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Mother’s New Year Nian Gao

This recipe closely approximates the sticky rice cake, known as nian gao, that my mother used to make for the Chinese New Year celebration. She used a fresh glutinous rice dough that I haven’t been able to find, but glutinous or sweet rice flour does a nice job. Perhaps I’m being fussy, but somehow, nothing can ever be the same as my mother’s nian gao. I make my nian gao thin because it keeps me from eating too much of it!

If you can't find the Sweet Olive Sugar you may garnish the nian gao with some brown sugar or leave it plain.


(1) 9-inch diameter, 3/4-inch thick cake

2 cups glutinous rice flour*
1 cup white sugar
1 cup water
2 drops red food coloring, optional
1 tablespoon sweet olive sugar

  1. Mix the rice flour, sugar and water together in a medium bowl until smooth. You will have a thin batter. Stir in the food coloring, if using.
  2. Grease a 9” heatproof pie plate with canola or other vegetable oil. Pour the rice flour batter into the pie plate.
  3. Bring water in a steamer to a boil. Place the pie plate into the steamer and steam for about 20 minutes, or until the batter appears translucent and the tip of a knife inserted into the center of the cake comes out clean.
  4. Remove from steamer and while still hot, sprinkle sweet olive sugar over the top. You may serve immediately or cool and cover for later use.
  5. Nian gao must be eaten hot so its soft and sticky. There are three ways to re-heat the nian gao: Cut the cake as you would a pie, and re-steam however many pieces you wish until they are soft and sticky, about 5 to 8 minutes depending upon how many slices you are reheating. You may also heat in a microwave oven. Cover the nian gao and heat about 1 minute on high, or until soft. The nian gao may also be pan-fried in a lightly oiled non-stick skillet over medium heat. Lightly brown both sides for a crispy surface. Some people like to dip the slices in a beaten egg first, but I prefer to just fry the nian gao plain.

*Sometimes called Sweet Rice flour.

Copyright© 2009 Helen Chen. All rights reserved.
Helen's Asian Kitchen is not affiiated with Joyce Chen products.


  1. I'm desperately looking for a Helen Chen stainless steel perfect rice cooker to replace one I broke. I don't want the bamboo handle one. Is there any way to find and purchase one. Please advise.

    1. I can help you find a replacement. Send me your email or phone number. Thank you.



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Like so many of us, Helen Chen learned to cook at her mother's side. But few of us had a mother like Joyce Chen. Helen grew up in Cambridge, Massachusetts, where her mother prepared the authentic dishes of her native Shanghai and Beijing with the sort of regularity the rest of us came to expect of macaroni and cheese or meatloaf.

"I remember when I was little, watching my mother prepare meals for family and friends. I once wrote a list of my favorite Chinese dishes," Helen recalls, "I came up with 150 recipes. I do not have one or two favorites. All the dishes on the list are traditional and all are ones that I learned from my mother. That is what I love most about Chinese food: its variety. Taste, texture and color all come into play, as does personality and culture. I think this is what cooking is all about."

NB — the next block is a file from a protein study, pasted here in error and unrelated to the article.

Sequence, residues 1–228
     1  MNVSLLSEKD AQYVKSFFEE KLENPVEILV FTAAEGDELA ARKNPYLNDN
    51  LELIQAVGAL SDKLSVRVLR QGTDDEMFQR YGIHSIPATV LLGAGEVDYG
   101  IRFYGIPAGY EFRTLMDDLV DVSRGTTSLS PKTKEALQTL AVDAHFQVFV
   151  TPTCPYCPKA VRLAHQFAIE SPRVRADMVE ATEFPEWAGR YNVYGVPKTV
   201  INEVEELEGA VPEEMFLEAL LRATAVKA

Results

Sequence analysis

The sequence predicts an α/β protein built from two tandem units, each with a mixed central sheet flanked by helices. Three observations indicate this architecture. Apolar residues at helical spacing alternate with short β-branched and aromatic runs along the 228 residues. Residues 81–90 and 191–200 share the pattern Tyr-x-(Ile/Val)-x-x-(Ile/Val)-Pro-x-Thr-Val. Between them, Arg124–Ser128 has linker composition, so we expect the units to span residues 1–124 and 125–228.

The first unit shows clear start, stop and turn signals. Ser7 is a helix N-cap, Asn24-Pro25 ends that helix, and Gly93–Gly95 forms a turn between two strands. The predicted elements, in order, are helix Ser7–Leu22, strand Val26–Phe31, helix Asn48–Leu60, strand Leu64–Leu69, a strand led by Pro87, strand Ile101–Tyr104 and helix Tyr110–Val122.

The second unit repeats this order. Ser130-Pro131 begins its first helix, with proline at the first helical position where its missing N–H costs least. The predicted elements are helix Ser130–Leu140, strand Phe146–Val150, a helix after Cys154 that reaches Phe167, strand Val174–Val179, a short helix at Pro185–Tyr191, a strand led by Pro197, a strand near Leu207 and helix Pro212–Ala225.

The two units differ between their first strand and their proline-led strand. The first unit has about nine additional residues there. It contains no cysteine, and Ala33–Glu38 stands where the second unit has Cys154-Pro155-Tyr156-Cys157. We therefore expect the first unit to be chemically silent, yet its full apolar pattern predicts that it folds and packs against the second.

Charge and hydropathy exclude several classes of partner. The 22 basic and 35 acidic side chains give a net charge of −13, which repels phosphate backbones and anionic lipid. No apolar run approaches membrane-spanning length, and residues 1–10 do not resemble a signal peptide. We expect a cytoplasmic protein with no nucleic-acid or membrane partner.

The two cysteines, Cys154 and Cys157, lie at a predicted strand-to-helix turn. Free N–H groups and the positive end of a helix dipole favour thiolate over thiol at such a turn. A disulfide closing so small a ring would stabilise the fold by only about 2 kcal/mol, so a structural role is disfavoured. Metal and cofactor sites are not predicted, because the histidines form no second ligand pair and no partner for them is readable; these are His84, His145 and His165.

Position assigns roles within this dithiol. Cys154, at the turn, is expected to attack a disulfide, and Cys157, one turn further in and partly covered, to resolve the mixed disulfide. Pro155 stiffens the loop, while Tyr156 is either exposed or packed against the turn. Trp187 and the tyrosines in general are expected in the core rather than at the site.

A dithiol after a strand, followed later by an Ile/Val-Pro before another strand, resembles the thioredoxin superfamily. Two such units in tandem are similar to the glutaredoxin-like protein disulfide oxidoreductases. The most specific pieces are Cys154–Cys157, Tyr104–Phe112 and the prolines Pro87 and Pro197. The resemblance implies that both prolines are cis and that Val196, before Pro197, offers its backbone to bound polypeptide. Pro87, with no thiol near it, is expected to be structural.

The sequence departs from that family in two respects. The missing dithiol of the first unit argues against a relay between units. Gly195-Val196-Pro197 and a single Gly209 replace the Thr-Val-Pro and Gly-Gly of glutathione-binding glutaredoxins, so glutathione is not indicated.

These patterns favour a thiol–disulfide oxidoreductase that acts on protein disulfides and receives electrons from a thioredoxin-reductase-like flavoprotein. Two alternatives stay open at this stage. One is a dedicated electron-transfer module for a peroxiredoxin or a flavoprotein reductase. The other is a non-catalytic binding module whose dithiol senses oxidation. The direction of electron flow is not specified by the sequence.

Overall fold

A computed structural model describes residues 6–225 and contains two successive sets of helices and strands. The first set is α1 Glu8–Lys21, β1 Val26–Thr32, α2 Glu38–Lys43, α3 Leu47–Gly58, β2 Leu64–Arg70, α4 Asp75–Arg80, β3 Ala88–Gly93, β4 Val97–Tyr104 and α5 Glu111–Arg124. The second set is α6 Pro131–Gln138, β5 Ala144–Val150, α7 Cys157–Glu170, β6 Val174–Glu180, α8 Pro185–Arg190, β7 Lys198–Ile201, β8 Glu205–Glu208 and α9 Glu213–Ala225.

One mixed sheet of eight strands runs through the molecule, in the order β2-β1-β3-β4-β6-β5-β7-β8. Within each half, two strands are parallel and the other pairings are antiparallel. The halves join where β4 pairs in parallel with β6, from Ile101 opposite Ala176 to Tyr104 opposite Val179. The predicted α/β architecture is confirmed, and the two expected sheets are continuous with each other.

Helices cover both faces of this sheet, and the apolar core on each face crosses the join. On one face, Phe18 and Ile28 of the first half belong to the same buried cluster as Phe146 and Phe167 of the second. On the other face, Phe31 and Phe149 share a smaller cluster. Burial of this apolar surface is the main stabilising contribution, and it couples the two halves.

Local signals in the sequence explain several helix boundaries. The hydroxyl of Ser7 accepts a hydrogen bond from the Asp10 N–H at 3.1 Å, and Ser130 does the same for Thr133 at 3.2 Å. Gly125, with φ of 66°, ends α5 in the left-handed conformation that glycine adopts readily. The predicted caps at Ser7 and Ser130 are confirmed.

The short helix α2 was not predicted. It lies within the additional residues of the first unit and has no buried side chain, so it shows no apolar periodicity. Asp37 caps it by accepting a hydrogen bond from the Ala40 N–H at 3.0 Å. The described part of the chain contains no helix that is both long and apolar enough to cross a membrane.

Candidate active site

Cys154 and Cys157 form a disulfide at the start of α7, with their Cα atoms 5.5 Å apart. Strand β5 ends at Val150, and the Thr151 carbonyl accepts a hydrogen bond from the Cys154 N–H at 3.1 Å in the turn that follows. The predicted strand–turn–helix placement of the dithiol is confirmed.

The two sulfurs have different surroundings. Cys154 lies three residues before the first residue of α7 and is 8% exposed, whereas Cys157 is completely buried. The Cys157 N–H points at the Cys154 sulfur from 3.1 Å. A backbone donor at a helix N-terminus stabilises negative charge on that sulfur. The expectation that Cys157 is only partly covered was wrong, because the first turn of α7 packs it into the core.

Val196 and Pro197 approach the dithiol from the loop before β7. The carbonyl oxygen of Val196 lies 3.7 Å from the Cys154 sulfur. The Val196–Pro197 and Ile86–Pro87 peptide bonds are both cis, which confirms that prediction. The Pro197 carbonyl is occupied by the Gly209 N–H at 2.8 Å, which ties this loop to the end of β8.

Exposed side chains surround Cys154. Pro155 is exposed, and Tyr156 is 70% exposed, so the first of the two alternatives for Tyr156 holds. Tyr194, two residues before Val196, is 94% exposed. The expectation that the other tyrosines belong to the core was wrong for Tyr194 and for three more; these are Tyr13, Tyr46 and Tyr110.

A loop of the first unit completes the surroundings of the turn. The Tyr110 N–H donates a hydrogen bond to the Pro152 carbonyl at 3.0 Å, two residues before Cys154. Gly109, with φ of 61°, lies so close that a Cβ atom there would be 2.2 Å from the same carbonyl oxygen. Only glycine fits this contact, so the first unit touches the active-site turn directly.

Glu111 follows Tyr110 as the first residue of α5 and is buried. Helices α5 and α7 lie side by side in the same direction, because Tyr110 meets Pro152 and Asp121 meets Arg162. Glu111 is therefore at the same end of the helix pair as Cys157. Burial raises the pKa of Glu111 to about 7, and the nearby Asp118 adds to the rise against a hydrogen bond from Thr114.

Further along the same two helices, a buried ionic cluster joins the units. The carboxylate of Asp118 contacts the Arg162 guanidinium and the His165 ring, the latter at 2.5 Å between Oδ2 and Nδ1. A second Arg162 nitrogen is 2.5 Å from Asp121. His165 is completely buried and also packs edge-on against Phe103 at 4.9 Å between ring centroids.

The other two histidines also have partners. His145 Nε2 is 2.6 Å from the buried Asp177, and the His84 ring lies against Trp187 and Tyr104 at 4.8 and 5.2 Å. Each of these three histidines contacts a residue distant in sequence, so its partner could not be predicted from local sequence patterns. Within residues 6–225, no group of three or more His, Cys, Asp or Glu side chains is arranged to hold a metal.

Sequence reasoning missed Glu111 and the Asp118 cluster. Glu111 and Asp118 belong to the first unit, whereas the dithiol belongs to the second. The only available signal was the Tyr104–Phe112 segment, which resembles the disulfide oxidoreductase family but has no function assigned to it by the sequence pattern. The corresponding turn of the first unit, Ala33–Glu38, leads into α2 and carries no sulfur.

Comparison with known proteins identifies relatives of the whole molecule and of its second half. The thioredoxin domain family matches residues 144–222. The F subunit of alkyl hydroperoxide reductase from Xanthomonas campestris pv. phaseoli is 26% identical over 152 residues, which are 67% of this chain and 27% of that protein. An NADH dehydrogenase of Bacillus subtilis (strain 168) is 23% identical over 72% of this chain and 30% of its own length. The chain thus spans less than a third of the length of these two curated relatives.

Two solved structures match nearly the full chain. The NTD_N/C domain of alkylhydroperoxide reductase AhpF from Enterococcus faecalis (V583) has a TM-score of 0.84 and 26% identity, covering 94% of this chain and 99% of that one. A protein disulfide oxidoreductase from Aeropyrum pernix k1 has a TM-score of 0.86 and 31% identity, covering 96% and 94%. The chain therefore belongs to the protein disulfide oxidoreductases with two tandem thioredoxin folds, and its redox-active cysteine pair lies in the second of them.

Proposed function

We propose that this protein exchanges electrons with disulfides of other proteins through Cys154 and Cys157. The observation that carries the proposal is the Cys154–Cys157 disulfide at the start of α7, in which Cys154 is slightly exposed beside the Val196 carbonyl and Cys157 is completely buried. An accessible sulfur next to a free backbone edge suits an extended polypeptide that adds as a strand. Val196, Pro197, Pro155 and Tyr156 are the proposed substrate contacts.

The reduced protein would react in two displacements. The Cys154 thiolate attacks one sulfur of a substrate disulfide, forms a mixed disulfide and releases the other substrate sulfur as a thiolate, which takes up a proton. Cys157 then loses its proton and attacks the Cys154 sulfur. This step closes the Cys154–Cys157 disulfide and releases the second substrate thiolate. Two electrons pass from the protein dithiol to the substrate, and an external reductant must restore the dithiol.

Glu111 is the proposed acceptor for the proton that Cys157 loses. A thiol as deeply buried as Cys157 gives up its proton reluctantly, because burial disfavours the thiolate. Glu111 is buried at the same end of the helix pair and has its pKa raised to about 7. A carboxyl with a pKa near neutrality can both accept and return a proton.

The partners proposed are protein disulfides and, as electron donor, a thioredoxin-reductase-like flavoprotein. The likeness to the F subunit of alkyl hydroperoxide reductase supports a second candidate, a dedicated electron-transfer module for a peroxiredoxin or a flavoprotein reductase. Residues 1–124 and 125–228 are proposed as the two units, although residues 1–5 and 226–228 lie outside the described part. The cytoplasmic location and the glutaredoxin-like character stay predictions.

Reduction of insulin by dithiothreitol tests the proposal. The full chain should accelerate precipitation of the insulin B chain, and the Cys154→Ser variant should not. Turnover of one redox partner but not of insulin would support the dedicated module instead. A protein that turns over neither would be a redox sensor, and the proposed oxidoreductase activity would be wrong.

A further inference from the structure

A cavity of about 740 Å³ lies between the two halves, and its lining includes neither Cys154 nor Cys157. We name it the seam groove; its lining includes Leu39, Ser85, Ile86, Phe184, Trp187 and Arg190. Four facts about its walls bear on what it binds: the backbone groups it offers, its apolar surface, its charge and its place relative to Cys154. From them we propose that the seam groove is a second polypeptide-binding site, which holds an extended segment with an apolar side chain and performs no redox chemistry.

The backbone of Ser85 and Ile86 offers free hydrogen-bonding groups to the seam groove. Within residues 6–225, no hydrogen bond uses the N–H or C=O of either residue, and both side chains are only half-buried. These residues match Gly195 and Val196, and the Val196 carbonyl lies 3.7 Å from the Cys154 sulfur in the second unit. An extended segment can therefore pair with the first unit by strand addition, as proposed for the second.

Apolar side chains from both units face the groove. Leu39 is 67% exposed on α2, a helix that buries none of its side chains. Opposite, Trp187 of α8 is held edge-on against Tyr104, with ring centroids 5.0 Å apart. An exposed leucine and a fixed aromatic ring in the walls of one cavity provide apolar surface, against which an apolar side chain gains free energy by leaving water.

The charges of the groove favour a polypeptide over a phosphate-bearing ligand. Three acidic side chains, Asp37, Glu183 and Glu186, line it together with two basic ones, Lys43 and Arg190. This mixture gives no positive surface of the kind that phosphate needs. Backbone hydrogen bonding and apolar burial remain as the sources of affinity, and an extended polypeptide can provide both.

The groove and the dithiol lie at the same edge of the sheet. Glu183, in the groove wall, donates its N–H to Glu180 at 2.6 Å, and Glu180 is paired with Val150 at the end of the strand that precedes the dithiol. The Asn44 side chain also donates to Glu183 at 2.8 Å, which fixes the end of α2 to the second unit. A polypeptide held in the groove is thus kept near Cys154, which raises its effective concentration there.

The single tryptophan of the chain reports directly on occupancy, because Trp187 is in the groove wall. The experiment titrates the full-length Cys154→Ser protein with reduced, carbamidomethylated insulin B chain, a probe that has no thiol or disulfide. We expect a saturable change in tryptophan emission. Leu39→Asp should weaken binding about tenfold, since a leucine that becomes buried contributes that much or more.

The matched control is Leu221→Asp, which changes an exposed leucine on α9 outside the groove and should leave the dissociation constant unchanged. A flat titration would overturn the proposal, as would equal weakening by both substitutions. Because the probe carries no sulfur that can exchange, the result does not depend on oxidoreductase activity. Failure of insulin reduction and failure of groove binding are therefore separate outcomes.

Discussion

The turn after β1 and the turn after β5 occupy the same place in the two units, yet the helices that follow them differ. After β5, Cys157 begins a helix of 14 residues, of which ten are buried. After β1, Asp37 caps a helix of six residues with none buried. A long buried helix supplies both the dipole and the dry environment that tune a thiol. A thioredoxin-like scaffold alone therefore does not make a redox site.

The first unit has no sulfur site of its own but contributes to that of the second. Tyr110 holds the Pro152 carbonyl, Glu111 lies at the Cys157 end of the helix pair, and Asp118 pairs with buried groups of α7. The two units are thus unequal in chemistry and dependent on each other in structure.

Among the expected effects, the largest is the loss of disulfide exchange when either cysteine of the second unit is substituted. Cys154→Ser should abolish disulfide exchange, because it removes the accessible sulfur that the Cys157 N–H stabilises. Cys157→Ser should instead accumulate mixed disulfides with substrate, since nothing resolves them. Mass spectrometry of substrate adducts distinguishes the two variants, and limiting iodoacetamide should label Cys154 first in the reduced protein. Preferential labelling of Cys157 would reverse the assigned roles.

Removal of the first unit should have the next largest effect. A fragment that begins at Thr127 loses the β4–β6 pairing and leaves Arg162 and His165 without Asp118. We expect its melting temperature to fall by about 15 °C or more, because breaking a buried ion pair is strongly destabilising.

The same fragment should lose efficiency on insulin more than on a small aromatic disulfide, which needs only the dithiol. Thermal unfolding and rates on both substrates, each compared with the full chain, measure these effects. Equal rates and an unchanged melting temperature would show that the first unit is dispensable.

Soft spoken and intensely intelligent, Helen Chen was born in Shanghai and moved to the U.S. with her family while still a baby. Helen grew up, as she describes it, in a traditional Chinese-American household. "When I was young I wanted to be totally American," she remembers. "It wasn't until I was in high school that I realized how lucky I was to have two cultures."

Today, Helen Chen is a widely acknowledged expert in Chinese cooking. Besides her role as an educator and cookbook author, she also is a corporate spokesperson and business consultant to the house wares industry. In 2007 she created and developed a new line of Asian kitchenware under the brand name Helen’s Asian Kitchen®, expressly for Harold Import Company in New Jersey.

Having been born in China and raised and educated in the United States, Helen brings the best of both worlds to her approach to the art of Chinese cuisine. She understands the needs of the American cook as only a native can, yet she is intimately knowledgeable in the culinary practices and philosophy of China.

In her active role as a teacher and educator, Helen teaches Chinese cuisine at Boston University; and, through the Anderson Foundation’s enrichment program ‘Cooking Up Culture’ she teaches Boston area school children from grades 1-12 about Chinese cuisine and culture. She also teaches Asian cuisine in numerous cooking schools across the country.

Helen has lectured to various professional and culinary organizations such as the International Association of Culinary Professionals, Boston University Seminars in the Arts and Culinary Arts, Oldways Preservations and Exchange Trust, Small Business Development Center, The Culinary Historians of Boston, Women Chefs and Restaurateurs and the Culinary Guild of New England. In addition, she conducts culinary tours of Boston’s Chinatown and is a frequent guest chef at cooking schools around the U.S.

Helen is the author of Helen Chen’s Chinese Home Cooking (Hearst Books, 1994), Peking Cuisine (Orion Books,1997) and Helen’s Asian Kitchen: Easy Chinese Stir-Fries (John Wiley & Sons, 2009). A second book in the Helen’s Asian Kitchen series, Helen’s Asian Kitchen: Easy Asian Noodles is scheduled for publication in January, 2010.